A few weeks ago, I wrote a column about gas prices going up and, currently, we see the cost of gas going down. The reason this is noteworthy is that none of the causes for the inflation of these prices have been resolved. Also, interesting is the fact that the summer traveling season is upon us and, usually, when we see heavy demands for gas. This increased demand almost always yields an increase in pump prices, so how does one explain their decline at this time?
As a comparison, prices in St. Louis have dropped from a high of around $3.89 (as much as $4.00 in some areas) to a present price at this writing of $3.04. That is definitely a significant decrease and a welcome relief to everyone in the area.
“Experts” have also noted the decrease and given their perspective on why this is happening. The ideas are extremely varied. Kevin Drum theorizes that Fox News and other media have raised such awareness of high prices that this has caused a decrease in prices. http://www.motherjones.com/kevin-drum/2012/04/hooray-gasoline-prices-are-going-down . CBS News reported that prices are down because there is unusual peace in the Middle East (what????) that is bringing down the price of a barrel of crude oil which they see as being tied directly to the cost of gasoline. Others say that there is really no connection to the price of a barrel of oil and the price of gas, (specifically, the web site How Stuff Works http://auto.howstuffworks.com/fuel-efficiency/fuel-consumption/gas-price1.htm) while many more argue that this is the only factor in gas prices. One of the most interesting articles on gas prices is found at http://goldnews.bullionvault.com/gold_money_022720124 where they argue that prices are not going up, but the dollar is dropping giving the impression that prices are increasing. This article also suggests:
“ ‘Oil is traded in Dollars, and its price therefore rises when the value of the Dollar falls, all else being equal. The Federal Reserve throughout Mr. Obama's term has pursued the easiest monetary policy in modern times, expressly to revive the housing market. It has done so with the private support and urging of the White House and through Mr. Obama's appointees who are now a majority on the Fed's Board of Governors.
"Oil staged its last price surge along with other commodity prices when the Fed revved up its second burst of "quantitative easing" in 2010-2011. Prices stabilized when QE2 ended. But in recent months the Fed has again signaled its commitment to near-zero interest rates first through 2013, and recently through 2014. Commodity prices, including oil, have since begun another surge, and hedge funds have begun to bet on commodity plays again. John Paulson says he's betting on gold, the ultimate hedge against a falling Dollar.
"Fed officials and Mr. Obama want to take credit for easy money if stock-market and housing prices rise, but then deny any responsibility if commodity prices rise too, causing food and energy prices to soar for consumers. They can't have it both ways, as not-so-stupid Americans intuitively understand when they buy groceries or gas. This is the double-edged sword of an economic recovery 'built to last' on easy money rather than on sound fiscal and regulatory policies.’ "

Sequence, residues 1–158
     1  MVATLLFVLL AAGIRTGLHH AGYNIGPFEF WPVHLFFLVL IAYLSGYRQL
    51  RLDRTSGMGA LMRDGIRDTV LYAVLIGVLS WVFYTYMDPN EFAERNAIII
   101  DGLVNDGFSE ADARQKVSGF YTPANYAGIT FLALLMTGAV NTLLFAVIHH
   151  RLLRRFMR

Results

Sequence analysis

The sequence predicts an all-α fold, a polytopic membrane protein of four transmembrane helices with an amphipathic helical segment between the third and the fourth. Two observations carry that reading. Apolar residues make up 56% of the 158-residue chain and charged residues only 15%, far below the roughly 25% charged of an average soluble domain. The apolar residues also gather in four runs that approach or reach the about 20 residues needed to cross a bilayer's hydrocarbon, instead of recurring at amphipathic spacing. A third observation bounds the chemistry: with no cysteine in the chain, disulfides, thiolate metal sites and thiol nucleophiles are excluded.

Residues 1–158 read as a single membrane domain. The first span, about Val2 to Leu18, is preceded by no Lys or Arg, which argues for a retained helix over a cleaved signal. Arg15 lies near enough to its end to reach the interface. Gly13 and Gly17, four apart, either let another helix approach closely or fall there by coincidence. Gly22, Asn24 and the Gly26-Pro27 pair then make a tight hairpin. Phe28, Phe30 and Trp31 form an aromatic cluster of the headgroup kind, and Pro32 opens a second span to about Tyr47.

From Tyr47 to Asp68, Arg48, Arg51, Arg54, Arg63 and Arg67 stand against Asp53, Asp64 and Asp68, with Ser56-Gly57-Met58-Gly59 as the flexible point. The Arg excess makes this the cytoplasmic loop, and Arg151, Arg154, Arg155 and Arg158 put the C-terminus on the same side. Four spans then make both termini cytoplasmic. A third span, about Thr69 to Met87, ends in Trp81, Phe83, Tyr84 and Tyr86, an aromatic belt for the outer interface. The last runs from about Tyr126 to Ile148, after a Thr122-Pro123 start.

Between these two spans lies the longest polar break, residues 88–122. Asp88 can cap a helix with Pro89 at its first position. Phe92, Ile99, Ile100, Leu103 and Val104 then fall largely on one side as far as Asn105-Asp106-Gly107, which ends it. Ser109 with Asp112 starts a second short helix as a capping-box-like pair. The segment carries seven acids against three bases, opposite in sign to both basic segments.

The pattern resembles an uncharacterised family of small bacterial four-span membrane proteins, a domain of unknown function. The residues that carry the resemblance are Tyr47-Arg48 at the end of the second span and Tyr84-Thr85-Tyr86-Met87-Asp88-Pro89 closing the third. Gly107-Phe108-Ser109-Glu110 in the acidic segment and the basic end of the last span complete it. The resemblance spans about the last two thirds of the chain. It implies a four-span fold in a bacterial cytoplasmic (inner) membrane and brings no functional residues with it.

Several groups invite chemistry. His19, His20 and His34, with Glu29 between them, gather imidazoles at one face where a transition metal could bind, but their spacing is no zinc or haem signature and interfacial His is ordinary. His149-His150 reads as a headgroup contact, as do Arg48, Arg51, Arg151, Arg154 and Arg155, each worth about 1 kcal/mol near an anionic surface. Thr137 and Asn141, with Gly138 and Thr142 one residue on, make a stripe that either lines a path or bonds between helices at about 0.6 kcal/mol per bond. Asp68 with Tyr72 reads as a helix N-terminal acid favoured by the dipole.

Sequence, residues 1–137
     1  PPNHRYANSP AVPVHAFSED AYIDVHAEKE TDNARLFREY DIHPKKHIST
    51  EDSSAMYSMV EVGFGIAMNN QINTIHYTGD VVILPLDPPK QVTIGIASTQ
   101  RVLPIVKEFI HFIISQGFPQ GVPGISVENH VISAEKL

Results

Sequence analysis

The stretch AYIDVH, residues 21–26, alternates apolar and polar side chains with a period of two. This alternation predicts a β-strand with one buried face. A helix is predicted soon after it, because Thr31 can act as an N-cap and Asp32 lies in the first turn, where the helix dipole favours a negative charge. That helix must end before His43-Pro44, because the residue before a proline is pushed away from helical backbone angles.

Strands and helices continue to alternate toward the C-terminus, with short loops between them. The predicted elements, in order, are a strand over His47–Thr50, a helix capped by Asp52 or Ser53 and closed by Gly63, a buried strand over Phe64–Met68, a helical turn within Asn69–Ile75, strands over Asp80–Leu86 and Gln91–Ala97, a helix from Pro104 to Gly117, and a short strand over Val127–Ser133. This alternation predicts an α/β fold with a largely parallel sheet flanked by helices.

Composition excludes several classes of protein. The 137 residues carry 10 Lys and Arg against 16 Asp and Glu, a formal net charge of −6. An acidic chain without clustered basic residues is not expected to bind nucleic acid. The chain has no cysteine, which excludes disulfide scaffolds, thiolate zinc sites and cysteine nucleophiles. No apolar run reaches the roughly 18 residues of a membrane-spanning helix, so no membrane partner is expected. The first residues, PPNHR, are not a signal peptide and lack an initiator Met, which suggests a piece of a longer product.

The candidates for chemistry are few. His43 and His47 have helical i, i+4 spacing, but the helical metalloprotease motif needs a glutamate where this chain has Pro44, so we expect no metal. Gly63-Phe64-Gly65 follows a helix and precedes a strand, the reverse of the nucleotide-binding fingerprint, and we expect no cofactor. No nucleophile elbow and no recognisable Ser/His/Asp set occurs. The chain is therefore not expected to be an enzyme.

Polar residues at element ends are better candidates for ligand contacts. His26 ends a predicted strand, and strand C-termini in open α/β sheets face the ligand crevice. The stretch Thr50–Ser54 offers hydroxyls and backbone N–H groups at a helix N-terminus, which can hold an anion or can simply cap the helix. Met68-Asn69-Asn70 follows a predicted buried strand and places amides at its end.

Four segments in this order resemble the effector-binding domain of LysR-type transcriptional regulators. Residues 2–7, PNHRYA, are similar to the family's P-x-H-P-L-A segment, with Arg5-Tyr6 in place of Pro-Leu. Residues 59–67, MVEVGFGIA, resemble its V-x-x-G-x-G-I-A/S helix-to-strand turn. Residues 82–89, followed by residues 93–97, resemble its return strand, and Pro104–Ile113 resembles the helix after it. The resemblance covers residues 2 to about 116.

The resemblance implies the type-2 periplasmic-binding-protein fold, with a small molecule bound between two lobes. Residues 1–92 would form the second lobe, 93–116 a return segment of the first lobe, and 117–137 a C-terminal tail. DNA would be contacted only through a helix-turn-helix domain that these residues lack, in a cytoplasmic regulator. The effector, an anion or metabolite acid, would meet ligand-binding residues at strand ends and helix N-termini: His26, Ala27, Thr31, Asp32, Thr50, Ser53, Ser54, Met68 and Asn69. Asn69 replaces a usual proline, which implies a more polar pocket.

Even though there is a genuine reality to the theories noted above, there seems to be a very political reason for the price drop at this particular time. I need to reiterate that absolutely none of the factors that I outlined in my earlier column about the rising cost of gasoline have been corrected (except it is true that the price of crude oil is currently down). While I indicated that I do not think the president has much control over the price of gas, the same is still true as it goes down. However, just as the president gets hammered for the high prices, he will enjoy the benefit of the prices going down.
Since this is an election year, it is clear that President Obama faces three danger areas with respect to re-election. Those three problems are jobs, the economy and gas prices. If people are hurting in their wallets, they are not likely to re-elect the president. If there is real financial pain, the election will be affected by that. Therefore, the only way to improve his chances of winning (which seem fair – even if the current state of affairs is to fix some of these problems). While the president is not likely to erase a debt rushing toward $16 trillion dollars, he may be able to convince people that the job situation is better or on the verge of being better. If he could deliver such a message combined with significantly lower gas prices, he just might be able to pull off a second term.
Since the president really has no power to control prices short of setting price controls, how will he pull off such an action? Perhaps he does not have to – if those intent on pushing his Marxist agenda will do this for him. If the gas and oil companies drop the prices (even if it is a temporary or even artificial), they just may be able to help him in his bid for a second term. After the election, it is easy to see the gas prices jump to the previously predicted $6.00 or $7.00 per gallon prices.
This is speculation to some degree, but there seems to be no other explanation for the drop of prices at the pump. Only time can tell if this speculation is correct. But the wait will not be long. My advice is to enjoy these low prices until November and then get ready for the huge increase.
John Wayne Tucker
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